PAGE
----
It is also one of the few modern day Swiss alarm watch examples available to buy for an amount that doesn’t make you survive only on 2-minute noodles for the rest of the year, and especially considering the pricing of only 8’420 AUD and Tudor’s 5-year transferrable warranty, it is definitely an enticing option.
Both JLC and Vulcain come to mind when talking about alarm watches. For slimmer wrists, the soon to be released Vulcain Cricket Tradition in 36mm x 12.7mm case with their 42-hour V-10 calibre seems to be another option.
Currently, there are two JLC alarm complication watches in their catalogue: the Jaeger-LeCoultre Polaris Mariner Memovox ref. 9038180 that retails for 26’700 AUD and is roughly the same dimensions as the Tudor Heritage Advisor measuring in at 42mm x 15.63mm. It features 300m water-resistance and a unidirectional internal notched rehaut bezel (and far more lume). It is also 3 times the price.
Then there is also the Jaeger-LeCoultre Master Control Memovox ref. 4118420 that retails for 18’500 AUD. This less expensive version is still 10K costlier than the Tudor Heritage Advisor, but is a much more dressier and slim wrist friendly version coming in at 40mm x 12.39mm. It has a lower 50m water resistance and the calibre 956AA provides a 44-hour power reserve in comparison to the T401’s 42-hour power reserve.
There are also more expensive options, such the Breguet Marine Alarme Musicale (my favorite of the lot), Patek Philippe 5520P, Richard Mille RM 62-10 Tourbillon Vibrating Alarm ACJ and the now discontinued Glashütte Original Senator Diary Ref. 100-13-02-02-01.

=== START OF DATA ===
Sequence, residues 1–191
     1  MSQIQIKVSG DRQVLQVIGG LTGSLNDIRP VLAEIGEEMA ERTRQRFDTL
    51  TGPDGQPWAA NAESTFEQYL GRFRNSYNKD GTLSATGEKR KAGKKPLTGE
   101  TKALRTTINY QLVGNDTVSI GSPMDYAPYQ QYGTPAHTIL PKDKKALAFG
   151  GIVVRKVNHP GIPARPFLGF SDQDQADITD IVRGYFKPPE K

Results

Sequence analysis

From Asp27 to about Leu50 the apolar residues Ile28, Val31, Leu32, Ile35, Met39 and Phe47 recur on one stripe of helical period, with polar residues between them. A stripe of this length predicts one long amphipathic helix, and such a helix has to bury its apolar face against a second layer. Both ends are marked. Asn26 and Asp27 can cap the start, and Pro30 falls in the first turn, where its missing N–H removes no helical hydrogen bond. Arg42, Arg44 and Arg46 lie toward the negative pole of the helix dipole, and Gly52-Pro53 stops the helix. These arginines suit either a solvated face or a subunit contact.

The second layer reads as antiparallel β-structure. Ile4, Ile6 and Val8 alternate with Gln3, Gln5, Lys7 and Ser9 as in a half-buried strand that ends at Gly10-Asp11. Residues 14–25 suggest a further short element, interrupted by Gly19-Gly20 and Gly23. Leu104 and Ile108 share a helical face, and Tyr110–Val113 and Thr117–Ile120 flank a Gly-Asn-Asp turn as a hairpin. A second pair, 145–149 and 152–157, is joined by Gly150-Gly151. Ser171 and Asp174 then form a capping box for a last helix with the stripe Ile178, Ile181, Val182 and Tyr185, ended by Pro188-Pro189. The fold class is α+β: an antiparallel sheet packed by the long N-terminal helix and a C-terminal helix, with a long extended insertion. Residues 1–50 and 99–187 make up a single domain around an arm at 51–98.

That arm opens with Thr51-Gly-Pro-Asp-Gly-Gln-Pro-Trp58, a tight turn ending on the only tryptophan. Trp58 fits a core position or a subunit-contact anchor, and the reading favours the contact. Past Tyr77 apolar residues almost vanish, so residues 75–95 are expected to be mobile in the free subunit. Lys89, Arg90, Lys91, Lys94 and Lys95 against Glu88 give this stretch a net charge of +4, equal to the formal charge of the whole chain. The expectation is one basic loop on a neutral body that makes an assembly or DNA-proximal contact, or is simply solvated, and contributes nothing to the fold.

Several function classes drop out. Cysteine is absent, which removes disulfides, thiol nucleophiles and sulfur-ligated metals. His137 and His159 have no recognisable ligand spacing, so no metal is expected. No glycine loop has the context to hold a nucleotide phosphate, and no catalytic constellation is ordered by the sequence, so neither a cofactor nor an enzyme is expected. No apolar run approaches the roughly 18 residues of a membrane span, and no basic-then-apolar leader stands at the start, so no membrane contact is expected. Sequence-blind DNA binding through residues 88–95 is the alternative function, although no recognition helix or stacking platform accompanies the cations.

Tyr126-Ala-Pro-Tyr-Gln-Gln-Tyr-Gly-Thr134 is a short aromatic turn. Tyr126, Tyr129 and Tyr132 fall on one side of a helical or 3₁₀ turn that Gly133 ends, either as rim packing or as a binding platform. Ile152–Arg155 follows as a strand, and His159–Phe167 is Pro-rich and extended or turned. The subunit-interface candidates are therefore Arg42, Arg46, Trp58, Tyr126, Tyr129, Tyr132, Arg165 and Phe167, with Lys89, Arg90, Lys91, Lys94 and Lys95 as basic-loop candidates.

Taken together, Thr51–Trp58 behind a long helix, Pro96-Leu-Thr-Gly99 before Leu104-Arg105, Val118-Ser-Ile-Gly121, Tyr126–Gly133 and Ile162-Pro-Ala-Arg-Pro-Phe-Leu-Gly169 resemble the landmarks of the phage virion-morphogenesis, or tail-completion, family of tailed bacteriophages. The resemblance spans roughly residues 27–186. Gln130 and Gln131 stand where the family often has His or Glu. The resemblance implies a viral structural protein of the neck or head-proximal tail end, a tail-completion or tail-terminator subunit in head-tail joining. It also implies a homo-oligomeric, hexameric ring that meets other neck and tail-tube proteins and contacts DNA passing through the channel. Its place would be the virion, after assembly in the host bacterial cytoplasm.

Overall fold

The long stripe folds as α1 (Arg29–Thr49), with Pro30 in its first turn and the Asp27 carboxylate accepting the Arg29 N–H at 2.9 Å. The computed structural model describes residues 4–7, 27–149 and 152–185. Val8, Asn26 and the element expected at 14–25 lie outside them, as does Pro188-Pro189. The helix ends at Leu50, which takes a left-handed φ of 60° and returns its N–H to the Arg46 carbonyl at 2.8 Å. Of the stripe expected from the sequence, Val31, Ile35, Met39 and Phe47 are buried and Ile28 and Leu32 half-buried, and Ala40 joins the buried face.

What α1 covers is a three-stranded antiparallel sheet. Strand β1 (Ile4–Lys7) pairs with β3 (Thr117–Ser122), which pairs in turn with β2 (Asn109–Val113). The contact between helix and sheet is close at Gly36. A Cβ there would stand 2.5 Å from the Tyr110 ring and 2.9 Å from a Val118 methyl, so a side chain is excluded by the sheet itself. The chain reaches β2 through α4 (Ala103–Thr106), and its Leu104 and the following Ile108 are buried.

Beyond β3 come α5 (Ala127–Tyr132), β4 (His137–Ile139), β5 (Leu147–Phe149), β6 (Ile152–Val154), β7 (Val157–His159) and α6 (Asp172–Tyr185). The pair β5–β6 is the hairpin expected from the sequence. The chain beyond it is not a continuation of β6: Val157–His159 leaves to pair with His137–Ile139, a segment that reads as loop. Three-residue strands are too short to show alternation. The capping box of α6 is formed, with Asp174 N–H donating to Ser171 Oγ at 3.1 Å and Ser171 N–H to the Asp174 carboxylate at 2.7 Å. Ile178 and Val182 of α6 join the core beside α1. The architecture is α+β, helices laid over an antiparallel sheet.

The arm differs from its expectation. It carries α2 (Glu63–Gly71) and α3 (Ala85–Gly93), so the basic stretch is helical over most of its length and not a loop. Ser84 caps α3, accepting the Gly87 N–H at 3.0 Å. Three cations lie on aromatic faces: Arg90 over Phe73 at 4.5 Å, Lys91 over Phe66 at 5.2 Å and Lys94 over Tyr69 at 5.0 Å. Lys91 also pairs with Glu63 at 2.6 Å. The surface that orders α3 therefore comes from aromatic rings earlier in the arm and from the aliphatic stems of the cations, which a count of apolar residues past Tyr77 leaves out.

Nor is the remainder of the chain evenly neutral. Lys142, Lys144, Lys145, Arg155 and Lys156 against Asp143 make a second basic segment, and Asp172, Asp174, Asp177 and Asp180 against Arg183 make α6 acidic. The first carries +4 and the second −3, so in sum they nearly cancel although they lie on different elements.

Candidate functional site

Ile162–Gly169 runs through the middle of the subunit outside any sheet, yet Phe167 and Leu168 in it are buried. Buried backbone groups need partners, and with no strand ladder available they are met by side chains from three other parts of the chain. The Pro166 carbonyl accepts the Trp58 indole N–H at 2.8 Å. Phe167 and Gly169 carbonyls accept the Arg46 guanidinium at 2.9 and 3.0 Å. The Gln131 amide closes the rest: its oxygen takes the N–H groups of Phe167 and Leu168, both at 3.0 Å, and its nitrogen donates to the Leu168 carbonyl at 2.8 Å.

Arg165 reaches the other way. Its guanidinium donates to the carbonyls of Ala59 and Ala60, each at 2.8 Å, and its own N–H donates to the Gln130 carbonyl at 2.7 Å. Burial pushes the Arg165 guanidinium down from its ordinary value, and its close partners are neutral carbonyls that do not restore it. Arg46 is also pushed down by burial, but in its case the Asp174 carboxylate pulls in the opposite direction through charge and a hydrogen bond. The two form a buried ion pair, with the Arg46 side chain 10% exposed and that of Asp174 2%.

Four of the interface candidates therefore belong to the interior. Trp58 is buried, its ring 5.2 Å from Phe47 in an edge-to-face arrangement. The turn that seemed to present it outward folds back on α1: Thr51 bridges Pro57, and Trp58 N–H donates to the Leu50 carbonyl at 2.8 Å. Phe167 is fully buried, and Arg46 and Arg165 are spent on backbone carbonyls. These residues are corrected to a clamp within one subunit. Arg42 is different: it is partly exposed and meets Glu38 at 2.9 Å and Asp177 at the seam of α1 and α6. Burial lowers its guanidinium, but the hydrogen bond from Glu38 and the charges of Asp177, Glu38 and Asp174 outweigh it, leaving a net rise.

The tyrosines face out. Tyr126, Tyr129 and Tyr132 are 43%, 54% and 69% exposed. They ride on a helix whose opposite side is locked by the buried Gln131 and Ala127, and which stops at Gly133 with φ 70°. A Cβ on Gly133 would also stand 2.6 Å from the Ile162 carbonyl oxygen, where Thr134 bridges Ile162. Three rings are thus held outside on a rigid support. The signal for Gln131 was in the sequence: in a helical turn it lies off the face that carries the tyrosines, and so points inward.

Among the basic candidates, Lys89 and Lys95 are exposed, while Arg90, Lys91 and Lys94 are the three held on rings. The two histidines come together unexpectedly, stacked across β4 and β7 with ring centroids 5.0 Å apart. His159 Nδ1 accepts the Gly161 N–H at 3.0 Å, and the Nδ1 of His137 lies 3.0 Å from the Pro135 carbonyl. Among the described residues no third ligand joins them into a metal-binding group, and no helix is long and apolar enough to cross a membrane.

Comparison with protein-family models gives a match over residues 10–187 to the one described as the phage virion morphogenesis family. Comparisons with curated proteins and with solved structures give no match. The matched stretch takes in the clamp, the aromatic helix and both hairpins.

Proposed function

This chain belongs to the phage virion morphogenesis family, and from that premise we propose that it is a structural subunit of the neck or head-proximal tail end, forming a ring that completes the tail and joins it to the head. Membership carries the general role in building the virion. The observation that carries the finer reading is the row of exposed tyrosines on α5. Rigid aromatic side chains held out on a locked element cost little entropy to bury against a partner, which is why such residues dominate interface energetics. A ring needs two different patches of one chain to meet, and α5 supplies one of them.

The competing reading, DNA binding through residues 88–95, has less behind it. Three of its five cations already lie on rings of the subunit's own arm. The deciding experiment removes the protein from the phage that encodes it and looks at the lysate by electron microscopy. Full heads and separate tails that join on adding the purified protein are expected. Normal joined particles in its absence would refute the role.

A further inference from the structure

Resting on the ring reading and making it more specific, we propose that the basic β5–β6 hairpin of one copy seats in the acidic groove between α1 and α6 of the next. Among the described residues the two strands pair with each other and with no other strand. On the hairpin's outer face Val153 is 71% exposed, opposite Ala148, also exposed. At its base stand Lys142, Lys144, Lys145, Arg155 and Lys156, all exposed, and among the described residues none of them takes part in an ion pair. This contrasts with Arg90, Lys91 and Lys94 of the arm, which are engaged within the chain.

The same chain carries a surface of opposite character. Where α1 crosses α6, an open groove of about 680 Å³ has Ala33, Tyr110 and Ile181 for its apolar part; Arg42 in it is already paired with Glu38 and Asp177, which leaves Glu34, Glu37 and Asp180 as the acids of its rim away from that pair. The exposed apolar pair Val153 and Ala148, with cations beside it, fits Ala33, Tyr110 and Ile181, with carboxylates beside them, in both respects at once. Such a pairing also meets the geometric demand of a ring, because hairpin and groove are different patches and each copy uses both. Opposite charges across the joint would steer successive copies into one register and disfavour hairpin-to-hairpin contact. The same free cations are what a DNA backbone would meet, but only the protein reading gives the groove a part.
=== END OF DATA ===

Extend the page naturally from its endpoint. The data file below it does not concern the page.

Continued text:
In regards to something Swiss made and around the same price as that of the Tudor Heritage Advisor, there is the larger Oris Big Crown Propilot Alarm LE. It features a 44mm diameter, 22mm lug interhorn spacing, 100m water-resistance, and courtesy its caliber Oris 910 — based on on La Joux-Perret 5800 / A.S. 5008 — it has a 45-hour power reserve. It comes with a 2-year warranty and an RRP of 7’500 AUD.
Simply put, the Tudor Heritage Advisor swims pretty unchallenged in its category. It is a good looking watch, with a rather uncommon complication, and one that is also seeped in both timekeeping and watchmaking history. If you are in the market for a new and handsome alarm watch without breaking the bank, the Tudor Heritage Advisor rings all the right tones.
To find out more about the new Tudor Heritage Advisor collection and other Tudor watches, please head to their website here or visit their authorised retailer J Farren-Price Sydney at 80 Castlereagh St, Sydney (02 9231 3299). All images unless otherwise specified are ©Watch Ya Gonna Do About It.